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7 spooky species found in Utah

Crystal Ross is the Division's social media coordinator. She loves to go fishing, camping, birdwatching and hiking. When she's not busy working in the field or at her desk crafting stories for social media, she's likely with her family in Utah's great outdoors.

Utah has incredible wildlife, but some animals are not as highly esteemed as others. In fact, some are considered bad omens. In honor of Halloween, I’ve compiled a list of seven Utah species with scary reputations.

1. Owls, with their stealthy, predatory behavior, have instilled fear for thousands of years. These silent nighttime hunters have been associated with evil and death in many cultures. Native Americans linked the birds with black magic, and the Romans considered it bad luck even to catch sight of an owl.


A close-up of a barn owl.

Several authors have used owls in their writing as a symbol of doom. In Shakespeare’s Julius Caesar, owls foretell the murder of Caesar, and in J.K. Rowling’s Harry Potter series, owls are messengers for wizards and witches. Barn owls are particularly spooky, with dark eyes and white faces that are reminiscent of human skulls. I personally find owls to be scary. Scary awesome, that is!

2. For centuries, toads have been the subject of myth, often portrayed as demons or tricksters. Some folklore tells of witches extracting toad secretions for use in flying potions and invisibility spells. Their dry, warty skin and peculiar personalities make toads and other amphibians revolting to some. We have a few different species of toads that call Utah home. If you find one, be careful in handling it. Not because you’ll sprout green warts — toads do not cause warts — but because toads’ skin secretes chemicals. Researchers are using these chemicals to develop new drugs that treat everything from cardiac problems to cancer.


A boreal toad in Utah.

3. When I hear the name Edgar Allen Poe, I immediately think of “The Raven.” The common raven, a species abundant throughout Utah, has many spook factors. Take its appearance, for starters. It’s a massive, jet-black bird with shaggy throat feathers and a knife-like beak. They’re intelligent, acrobatic and sneaky. Oh, and ravens will eat pretty much anything: from small, already-dead mammals to bird eggs and fruits. I’m with Poe in finding these birds a little on the creepy side. Their deep, gurgling croak is enough to raise the hair on my arms.

4. What good is a spooky species list without the mention of bats? These creatures of the night have long inspired fear and dark omens. Often called out as blood suckers, flying rats and disease carriers, bats have a pretty bad rap. It probably doesn’t help to know that some bats actually drink blood. But don’t worry — those species don’t live here in Utah. (Nor is human blood their feast of choice.) Luckily, most of what we hear about bats is untrue. Bats are actually shy, gentle and intelligent, and they eat millions of pounds of insects every year. But they hang upside-down in caves and haunted houses, and that is a little peculiar.

Sir Hiss from Disney's Robin Hood.

Sir Hiss from Disney’s Robin Hood.

5. Snakes, a frequent symbol of evil in literature and folklore, have some serious creep credit. They slither around sans legs, quietly waiting to strike or constrict their quarry to death. There are a handful of old wives’ tales I can’t help but recall when I see a snake out in the wild, but the stories aren’t true. They don’t really inject venom through their forked tongues and hypnotize their prey. They actually do a great job controlling mice, rats and other small critters. My head knows that snakes are a crucial part of our ecosystem, but my feet will put some serious distance between me and any snakes I see.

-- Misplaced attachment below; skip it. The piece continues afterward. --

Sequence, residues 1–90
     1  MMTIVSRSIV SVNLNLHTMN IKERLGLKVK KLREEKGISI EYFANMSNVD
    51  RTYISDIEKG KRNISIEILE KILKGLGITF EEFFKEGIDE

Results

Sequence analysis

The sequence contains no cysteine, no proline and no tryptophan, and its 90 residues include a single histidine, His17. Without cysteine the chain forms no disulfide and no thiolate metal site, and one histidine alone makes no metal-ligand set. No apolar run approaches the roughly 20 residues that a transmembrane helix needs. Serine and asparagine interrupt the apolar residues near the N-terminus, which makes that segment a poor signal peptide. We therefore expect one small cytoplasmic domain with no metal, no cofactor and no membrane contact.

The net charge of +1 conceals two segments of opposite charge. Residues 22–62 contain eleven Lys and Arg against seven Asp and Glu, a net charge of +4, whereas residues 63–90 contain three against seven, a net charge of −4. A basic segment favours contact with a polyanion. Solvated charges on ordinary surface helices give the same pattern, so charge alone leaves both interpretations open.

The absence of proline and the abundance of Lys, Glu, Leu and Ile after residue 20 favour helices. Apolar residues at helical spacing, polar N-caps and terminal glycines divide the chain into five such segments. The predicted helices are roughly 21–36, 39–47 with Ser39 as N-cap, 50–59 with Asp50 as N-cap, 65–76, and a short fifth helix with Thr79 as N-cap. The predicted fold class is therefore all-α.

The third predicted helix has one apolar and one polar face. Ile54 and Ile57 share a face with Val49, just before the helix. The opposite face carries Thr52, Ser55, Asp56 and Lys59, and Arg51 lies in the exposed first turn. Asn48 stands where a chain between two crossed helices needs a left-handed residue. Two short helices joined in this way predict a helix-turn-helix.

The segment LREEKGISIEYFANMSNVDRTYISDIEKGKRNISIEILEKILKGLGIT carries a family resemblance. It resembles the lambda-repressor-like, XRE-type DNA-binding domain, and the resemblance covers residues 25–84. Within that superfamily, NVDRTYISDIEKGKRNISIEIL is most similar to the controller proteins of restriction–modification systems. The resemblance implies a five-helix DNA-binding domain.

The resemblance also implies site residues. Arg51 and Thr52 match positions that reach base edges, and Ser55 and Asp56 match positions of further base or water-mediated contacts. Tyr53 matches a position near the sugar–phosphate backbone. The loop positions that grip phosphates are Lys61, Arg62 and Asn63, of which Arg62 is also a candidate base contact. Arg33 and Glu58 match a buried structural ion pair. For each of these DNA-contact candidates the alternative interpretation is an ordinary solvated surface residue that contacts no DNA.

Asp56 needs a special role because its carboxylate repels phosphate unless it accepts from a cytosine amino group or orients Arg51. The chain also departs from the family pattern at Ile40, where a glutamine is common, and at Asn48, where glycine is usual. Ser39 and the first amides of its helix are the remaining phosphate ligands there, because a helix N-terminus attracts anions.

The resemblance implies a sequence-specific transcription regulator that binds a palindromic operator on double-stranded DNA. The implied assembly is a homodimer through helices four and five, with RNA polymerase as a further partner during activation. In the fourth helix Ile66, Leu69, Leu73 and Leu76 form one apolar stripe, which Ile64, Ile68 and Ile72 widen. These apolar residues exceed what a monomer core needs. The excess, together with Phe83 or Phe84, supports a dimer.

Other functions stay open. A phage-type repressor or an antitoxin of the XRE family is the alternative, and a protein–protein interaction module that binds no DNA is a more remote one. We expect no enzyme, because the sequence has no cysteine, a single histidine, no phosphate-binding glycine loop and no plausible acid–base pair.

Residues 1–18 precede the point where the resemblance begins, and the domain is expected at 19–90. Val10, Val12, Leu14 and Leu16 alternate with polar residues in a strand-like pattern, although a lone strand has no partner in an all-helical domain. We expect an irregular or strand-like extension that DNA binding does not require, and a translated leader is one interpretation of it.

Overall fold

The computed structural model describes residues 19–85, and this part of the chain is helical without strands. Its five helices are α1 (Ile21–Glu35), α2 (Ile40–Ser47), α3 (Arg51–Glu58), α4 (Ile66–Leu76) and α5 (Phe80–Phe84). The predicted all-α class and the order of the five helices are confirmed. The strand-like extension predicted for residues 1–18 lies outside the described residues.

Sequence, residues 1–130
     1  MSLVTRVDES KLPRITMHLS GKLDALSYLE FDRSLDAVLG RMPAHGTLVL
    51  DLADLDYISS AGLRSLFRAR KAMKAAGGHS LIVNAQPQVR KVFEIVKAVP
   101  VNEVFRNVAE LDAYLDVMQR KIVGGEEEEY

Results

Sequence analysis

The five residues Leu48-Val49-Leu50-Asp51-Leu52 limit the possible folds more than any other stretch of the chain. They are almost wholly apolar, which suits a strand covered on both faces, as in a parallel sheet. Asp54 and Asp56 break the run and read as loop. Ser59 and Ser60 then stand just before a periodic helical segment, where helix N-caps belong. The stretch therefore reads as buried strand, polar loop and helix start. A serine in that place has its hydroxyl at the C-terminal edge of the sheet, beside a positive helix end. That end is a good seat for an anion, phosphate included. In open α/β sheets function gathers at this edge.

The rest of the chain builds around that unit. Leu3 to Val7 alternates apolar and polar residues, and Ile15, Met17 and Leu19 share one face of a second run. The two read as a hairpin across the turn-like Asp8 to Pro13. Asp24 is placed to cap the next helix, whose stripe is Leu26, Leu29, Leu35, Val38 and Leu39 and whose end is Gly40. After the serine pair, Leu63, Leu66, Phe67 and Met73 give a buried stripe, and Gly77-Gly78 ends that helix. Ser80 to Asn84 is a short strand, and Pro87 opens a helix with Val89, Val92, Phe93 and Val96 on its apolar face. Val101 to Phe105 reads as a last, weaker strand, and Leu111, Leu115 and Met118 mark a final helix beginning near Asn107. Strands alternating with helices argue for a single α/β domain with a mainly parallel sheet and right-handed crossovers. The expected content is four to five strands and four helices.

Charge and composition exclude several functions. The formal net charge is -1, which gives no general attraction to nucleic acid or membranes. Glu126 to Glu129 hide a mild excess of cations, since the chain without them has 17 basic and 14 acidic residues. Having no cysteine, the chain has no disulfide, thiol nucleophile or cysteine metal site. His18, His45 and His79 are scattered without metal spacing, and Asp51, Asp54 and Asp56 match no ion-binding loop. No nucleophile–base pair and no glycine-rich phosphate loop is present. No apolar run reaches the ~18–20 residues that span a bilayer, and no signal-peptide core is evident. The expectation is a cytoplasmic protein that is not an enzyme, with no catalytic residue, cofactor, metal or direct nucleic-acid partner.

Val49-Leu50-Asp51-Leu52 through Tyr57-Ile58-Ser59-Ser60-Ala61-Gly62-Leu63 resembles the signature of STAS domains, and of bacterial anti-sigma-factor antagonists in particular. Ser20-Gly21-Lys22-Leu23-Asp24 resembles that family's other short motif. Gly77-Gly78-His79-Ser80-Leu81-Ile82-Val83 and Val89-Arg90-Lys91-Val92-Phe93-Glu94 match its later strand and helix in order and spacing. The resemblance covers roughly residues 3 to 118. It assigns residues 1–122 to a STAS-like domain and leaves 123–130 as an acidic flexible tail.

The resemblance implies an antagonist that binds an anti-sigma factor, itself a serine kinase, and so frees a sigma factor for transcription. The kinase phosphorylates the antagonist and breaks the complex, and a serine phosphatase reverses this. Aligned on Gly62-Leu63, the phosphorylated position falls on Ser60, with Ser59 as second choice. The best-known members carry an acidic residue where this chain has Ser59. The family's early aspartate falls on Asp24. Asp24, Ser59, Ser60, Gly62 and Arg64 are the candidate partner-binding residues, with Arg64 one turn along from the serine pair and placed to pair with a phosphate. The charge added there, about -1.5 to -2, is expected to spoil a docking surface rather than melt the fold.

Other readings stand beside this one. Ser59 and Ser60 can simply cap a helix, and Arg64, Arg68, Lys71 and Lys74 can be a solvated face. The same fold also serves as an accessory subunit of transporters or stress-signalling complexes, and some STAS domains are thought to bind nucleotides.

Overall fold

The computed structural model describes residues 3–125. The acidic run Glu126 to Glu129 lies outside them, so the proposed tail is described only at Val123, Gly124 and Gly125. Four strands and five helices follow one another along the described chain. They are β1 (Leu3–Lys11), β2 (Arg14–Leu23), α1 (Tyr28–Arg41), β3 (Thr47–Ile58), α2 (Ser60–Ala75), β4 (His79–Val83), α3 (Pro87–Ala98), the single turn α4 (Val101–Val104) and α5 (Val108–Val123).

6. Thanks to their color, behavior and fondness for rotting flesh, American crows conjure images of graveyards, dead bodies and battlefields. One superstition holds that if a crow lands on a roof, death or misfortune will befall the home’s inhabitants. Crows will eat practically anything, but they prefer to munch on soft tissue, such as the meat inside an open wound or eyeballs. EYEBALLS. This makes their group name — murder — eerily fitting.

Crows are crafty, mischievous and social, often congregating in huge groups. Imagine tens of thousands of crows flapping overhead, with their harsh “caws” echoing all around. Yikes.

A turkey vulture in Utah.

A turkey vulture in Utah.

7. Until I sat down to write this post, I didn’t realize how many spooky, carcass-eating birds live in Utah. The last on my list is the turkey vulture. They feast mainly on dead animals, but can live for more than two weeks without food. In ancient Greece, vultures were regarded as unlucky, and Persian lore tells of a pair of vultures guarding the gates of Hell.

With a six-foot wingspan, hooked beak and husky build, topped with that characteristic red bald head, the turkey vulture isn’t exactly majestic. I have to admit, I’m a little frightened by their appearance alone.

Have you had creepy or memorable encounters with any of these critters? Tell us about them!

1 Response to 7 spooky species found in Utah

  1. Could you tell me what a horseshoe crab looking creature might be that we found in a fresh water pond in the San Rafael Swell in Utah? They range in size from 5 cm to over an inch long. They burrow small holes into the mud on shorelines of pond. They have rounded heads/bodies with a long tail that ends in 2 spikes.

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